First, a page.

The San Jose Sharks have done a great job over the years of drafting and signing young talent. They’ve brought players such as Patrick Marleau, Scott Hannan, Brad Stuart, Douglas Murray, Joe Pavelski, Marc-Edouard Vlasic, Logan Couture and Justin Braun up through their farm system and they’ve turned into talented hockey players.
Let’s see who the Sharks currently have in the system and who might be in the NHL soon enough.
2018-19 Top 10 San Jose Sharks Prospects
1. Ryan Merkley, D, Guelph Storm (OHL), Peterborough Petes (OHL) and San Jose Barracuda (AHL)
HT/WT: 5-11/170 lbs
Drafted: 21st overall in the 2018 draft by the San Jose Sharks
Ryan Merkley is easily the top prospect in the San Jose Sharks farm system. The Sharks have consistently had great defensive units over the course of their history and they have another outstanding defenseman in the making. The only issue is that Merkley has shown immaturity in his game. He’s got a ton of risk, but it’s worth holding on to Merkley to see if his character will change in the NHL.
In addition, he’s a power-play specimen. He’s a great power-play quarterback and he could take the pressure off of Brent Burns down the road. But, he’s not a puck carrier. He prefers to pass the puck out to someone else rather than skate from zone to zone. Merkley does have great positioning though and is defensively responsible. The only flaw with Merkley is that he’s a tad undersized and needs to bulk up.
Last season, he split his time between the Storm and the Petes and was outstanding. In a combined 63 games played, he recorded 14 goals and 57 assists.
2. Joachim Blichfeld, RW/LW, Portland Winterhawks (WHL)
HT/WT: 6-2/187 lbs
Drafted: 210th overall in the 2016 draft by the San Jose Sharks
The 20-year-old Danish national is having a blast with the Portland Winterhawks. He might be an over-ager, but he’s becoming quite the goal scorer. Last season, he led the WHL in points with 114. He beat out Tristan Langan of the Moose Jaw Warriors, Justin Almeida of the Moose Jaw Warriors and Brendan Hagel of the Red Deer Rebels.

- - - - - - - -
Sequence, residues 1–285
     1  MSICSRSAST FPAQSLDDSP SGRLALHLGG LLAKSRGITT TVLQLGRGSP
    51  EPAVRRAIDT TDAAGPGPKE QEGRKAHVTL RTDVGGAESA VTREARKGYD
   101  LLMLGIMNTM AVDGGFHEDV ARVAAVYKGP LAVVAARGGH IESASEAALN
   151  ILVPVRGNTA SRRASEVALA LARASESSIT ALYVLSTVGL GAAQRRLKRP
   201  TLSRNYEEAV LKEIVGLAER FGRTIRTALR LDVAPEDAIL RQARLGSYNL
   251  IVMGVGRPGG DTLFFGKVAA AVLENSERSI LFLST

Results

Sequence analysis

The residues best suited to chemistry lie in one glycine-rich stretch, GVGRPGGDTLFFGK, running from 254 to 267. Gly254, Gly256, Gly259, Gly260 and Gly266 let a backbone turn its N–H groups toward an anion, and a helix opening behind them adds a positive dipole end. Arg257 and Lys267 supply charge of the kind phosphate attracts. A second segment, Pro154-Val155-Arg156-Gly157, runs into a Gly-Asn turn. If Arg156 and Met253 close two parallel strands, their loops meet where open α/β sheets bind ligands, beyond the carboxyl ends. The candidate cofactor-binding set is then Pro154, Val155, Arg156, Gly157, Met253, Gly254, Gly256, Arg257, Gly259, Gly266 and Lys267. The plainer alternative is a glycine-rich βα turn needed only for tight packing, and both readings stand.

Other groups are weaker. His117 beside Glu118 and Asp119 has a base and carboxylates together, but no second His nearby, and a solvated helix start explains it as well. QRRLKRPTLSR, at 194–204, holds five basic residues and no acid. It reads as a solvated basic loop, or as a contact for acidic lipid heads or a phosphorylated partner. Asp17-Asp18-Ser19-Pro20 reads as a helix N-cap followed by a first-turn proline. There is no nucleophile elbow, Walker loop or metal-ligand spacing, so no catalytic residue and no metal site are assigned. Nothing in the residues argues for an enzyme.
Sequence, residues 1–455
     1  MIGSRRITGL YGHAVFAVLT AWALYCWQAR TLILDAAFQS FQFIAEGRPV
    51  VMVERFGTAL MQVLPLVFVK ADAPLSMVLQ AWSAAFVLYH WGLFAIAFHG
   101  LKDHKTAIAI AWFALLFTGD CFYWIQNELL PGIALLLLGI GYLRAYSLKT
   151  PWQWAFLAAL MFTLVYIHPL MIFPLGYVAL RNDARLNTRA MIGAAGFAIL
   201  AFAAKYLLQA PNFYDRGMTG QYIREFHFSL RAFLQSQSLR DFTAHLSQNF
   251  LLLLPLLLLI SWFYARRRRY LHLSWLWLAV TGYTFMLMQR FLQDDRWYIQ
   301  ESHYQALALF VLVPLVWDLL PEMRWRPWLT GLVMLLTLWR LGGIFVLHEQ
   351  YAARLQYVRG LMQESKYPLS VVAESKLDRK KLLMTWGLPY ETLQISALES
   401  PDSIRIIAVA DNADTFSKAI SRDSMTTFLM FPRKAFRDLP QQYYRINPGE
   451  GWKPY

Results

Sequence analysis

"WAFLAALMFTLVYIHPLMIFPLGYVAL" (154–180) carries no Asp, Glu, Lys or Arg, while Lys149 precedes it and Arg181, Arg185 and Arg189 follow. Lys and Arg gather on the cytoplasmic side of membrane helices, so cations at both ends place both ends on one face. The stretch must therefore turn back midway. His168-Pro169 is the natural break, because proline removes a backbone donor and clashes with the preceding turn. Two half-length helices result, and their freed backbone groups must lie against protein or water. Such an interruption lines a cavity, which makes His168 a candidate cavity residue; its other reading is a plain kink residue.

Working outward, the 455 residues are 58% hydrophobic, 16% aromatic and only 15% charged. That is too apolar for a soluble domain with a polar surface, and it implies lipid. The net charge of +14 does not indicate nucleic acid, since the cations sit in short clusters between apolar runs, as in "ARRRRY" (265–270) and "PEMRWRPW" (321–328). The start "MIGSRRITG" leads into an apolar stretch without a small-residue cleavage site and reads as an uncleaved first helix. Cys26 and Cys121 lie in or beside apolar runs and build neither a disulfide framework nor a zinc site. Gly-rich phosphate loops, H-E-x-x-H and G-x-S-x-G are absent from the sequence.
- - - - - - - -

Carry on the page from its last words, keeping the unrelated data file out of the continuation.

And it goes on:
While he’s coming off of an outstanding season, these numbers won’t translate at the NHL level. He’s a solid goal scorer, but you need to keep in mind that the competition that he’s seeing in the WHL isn’t the same. He’s having a lot more luck in his over-ager seasons and likely will see a huge drop in the AHL and/or the NHL. But, his success is absolutely worth noting and fun for Sharks fan to keep track of.
3. Ivan Chekhovich, LW, Baie-Comeau Drakkar (QMJHL) and San Jose Barracuda (AHL)
HT/WT: 5-10/185 lbs
Drafted: 212th overall in the 2017 draft by the San Jose Sharks
When you look at the San Jose Sharks organization, you’ll notice that they love to bring in forwards that are a tad undersized, have good hands and great speed. Timo Meier, Kevin Labanc, Melker Karlsson all have similar body types and play the same kind of game as Chekhovich.
Chekhovich has looked like a steal so far. He’s played the bulk of his time over the past couple of seasons with the Baie-Comeau Drakkar, but when he’s played for the San Jose Barracuda, he’s been outstanding as well. He doesn’t skip a beat. This past season, he played in 66 games for the Drakkar. He managed to record 43 goals and 62 assists with Baie-Comeau. He also tallied four points with the Barracuda.
4. Noah Gregor, C, Prince Albert Raiders (WHL)
HT/WT: 6-0/185 lbs
Drafted: 111th overall in the 2016 draft by the San Jose Sharks
Noah Gregor is coming off of a great over-ager season with the Prince Albert Raiders. In 63 games played, he recorded 43 goals and 45 assists. It’s evident that he’s quickly becoming a true playmaker, but he still has a lot of work as he’s been a bit inconsistent throughout his WHL career. If he has hopes of making it to the NHL down the road, he needs to have a great campaign with the Barracuda.
In terms of his playing style, Gregor is fast. He can out-skate the competition almost each and every time that he grabs hold of the puck. He also loves to go right up to the net, deke, draw the goalie off and then sneak in a backhand shot. While that technique has worked well in the WHL, Gregor needs to be mindful that goaltenders in the AHL and the NHL will catch up on fairly quickly.
5. Alexander Chmelevski, C/RW, Ottawa 67’s
HT/WT: 6-0/187 lbs
Drafted: 185th overall in the 2017 draft by the San Jose Sharks